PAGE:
Next-gen solar cells spin in new direction
Published 20-JUN-2019 14:41 P.M.
3 minute read
Hey! Looks like you have stumbled on the section of our website where we have archived articles from our old business model.
In 2019 the original founding team returned to run Next Investors, we changed our business model to only write about stocks we carefully research and are invested in for the long term.
The below articles were written under our previous business model. We have kept these articles online here for your reference.
Our new mission is to build a high performing ASX micro cap investment portfolio and share our research, analysis and investment strategy with our readers.
Click Here to View Latest Articles
A new nanomaterial made from phosphorus, known as phosphorene, is shaping up as a key ingredient for more sustainable and efficient next-generation perovskite solar cells (PSCs).
PSCs which are one of the fastest developing new solar technologies and can achieve efficiencies comparable to more commonly used commercially available silicon solar cells.
For the first time, an international team of clean chemistry researchers led by Professor Joseph Shapter and Flinders University, has made very thin phosphorene nanosheets for low-temperature PSCs using the rapid shear stress of the University’s revolutionary vortex fluidic device (VFD).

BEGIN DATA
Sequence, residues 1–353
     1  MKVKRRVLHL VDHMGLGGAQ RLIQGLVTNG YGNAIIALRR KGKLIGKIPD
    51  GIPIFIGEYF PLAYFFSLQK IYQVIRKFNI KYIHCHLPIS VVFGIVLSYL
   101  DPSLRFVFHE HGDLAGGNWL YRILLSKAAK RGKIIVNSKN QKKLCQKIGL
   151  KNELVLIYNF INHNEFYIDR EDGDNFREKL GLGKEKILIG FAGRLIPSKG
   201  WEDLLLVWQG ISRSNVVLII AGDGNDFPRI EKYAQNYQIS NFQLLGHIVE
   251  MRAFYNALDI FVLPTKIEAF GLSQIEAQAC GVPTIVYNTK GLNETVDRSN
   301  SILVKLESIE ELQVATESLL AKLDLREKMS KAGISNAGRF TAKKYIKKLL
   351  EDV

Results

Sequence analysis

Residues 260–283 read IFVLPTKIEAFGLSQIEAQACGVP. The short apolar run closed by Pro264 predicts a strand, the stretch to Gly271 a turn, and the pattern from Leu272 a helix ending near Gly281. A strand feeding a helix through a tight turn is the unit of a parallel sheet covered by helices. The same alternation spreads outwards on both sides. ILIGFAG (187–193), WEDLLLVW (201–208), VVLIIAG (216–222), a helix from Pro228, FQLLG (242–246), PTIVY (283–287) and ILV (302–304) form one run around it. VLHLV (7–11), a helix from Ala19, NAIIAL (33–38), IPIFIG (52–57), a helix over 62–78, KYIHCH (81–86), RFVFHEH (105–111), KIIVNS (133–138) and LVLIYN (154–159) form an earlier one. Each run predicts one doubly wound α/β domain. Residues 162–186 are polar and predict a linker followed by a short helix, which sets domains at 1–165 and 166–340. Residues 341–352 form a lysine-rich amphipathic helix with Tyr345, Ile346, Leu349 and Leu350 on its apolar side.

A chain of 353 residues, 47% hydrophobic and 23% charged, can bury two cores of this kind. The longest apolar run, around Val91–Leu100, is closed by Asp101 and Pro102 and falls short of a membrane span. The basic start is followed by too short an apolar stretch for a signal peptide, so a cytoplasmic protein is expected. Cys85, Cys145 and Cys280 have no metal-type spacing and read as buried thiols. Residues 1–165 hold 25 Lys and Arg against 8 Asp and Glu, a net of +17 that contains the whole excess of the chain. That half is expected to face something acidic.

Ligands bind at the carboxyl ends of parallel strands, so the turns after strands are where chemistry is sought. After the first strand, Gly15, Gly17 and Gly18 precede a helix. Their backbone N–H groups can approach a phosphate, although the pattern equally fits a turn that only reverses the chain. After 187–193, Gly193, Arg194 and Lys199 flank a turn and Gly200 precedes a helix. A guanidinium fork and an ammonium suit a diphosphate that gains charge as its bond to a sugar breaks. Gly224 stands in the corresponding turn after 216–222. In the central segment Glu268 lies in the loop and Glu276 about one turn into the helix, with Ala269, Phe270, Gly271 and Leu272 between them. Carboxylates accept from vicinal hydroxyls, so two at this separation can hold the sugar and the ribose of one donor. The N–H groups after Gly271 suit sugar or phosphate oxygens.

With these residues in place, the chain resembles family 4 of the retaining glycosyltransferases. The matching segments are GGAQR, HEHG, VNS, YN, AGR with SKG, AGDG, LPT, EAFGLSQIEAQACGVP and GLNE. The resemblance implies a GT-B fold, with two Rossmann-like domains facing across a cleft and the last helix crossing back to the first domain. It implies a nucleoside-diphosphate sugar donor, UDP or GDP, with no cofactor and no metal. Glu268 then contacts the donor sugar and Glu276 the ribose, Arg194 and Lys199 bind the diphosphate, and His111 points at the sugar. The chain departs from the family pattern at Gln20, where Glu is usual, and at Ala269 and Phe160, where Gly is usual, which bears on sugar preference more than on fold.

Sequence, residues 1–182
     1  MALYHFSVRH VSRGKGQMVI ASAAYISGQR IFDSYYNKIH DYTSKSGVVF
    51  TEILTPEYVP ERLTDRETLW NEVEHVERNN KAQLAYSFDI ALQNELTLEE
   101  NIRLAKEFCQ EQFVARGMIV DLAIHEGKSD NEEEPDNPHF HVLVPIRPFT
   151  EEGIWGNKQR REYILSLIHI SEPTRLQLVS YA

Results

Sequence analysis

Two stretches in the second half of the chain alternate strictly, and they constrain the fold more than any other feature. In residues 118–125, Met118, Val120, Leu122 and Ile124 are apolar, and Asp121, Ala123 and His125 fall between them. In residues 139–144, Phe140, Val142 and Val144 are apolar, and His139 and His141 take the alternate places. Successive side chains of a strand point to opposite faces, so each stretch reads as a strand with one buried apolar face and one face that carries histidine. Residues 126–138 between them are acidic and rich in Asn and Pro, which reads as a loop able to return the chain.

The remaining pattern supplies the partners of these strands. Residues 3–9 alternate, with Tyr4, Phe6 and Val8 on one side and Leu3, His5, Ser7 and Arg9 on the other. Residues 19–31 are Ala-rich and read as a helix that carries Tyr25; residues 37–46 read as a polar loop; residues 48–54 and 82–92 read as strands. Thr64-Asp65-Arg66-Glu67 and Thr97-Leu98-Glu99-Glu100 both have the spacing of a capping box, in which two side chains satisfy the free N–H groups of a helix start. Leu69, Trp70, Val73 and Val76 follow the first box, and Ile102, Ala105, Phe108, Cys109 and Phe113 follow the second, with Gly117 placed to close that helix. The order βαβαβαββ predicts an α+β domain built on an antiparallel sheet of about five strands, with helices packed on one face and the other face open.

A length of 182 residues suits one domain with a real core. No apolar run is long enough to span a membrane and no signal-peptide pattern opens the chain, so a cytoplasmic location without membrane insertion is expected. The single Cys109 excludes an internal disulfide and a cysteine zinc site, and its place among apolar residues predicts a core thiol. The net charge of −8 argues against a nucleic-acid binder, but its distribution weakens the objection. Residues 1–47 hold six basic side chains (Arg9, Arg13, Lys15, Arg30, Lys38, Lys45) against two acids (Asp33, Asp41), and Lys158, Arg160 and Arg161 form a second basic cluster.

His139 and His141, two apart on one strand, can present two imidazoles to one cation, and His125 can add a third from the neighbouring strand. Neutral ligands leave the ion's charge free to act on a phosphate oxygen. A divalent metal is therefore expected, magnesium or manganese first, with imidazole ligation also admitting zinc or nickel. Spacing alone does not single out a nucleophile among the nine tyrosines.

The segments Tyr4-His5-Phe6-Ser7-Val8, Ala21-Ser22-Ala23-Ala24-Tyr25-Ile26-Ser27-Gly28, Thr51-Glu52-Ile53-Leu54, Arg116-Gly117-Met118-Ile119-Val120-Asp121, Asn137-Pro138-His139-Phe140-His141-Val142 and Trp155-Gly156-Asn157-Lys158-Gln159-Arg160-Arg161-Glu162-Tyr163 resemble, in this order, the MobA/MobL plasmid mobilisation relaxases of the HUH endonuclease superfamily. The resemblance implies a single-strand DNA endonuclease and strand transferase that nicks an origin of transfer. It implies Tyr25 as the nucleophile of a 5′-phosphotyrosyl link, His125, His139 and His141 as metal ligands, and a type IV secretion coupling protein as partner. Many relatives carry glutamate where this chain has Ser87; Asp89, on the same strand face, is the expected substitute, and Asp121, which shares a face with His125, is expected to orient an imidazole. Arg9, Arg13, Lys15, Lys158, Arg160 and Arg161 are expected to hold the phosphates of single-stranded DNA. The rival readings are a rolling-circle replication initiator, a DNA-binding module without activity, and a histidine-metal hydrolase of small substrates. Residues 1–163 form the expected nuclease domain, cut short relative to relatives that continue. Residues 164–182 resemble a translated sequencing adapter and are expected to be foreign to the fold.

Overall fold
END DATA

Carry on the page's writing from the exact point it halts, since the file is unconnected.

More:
“Silicon is currently the standard for rooftop solar, and other solar panels, but they take a lot of energy to produce them. They are not as sustainable as these newer options,” says adjunct Professor Shapter, now at University of Queensland.
“Phosphorene is an exciting material because it is a good conductor that will absorb visible light. In the past most non-metallic materials would have one property but not both,” he says.
“We’ve found an exciting new way to convert exfoliated black phosphorus into phosphorene which can help produce more efficient and also potentially cheaper solar cells,” says Dr Christopher Gibson, from the College of Science and Engineering at Flinders University.
“Our latest experiments have improved the potential of phosphene in solar cells, showing an extra efficiency of 2%-3% in electricity production.”
Research into making high quality 2D phosphorene in large quantities – along with other future materials such as graphene – are paving the way to more efficient and sustainable production with the use of the SA-made VFD, near-infrared laser light pulses, and even an industrial-scale microwave oven.
The work with phosphorene is exploring the addition of different atoms to the matrix which is showing very promising results in catalysis, particularly in the area of water splitting to produce hydrogen and oxygen.
With the ability to artificially produce perovskite structures, commercial viability is at the threshold and not too far away once the cells can be successfully scaled up. Meanwhile research around the world continues to look for ways to improve and optimise perovskite cell performance.
Professor of Clean Technology Colin Raston, Dr Kasturi Vimalanathan and Dr Gibson are among a team of Flinders Institute for Nanoscale Science and Technology researchers looking to improve solar cell efficiency with new and improved solar cell materials and processing systems.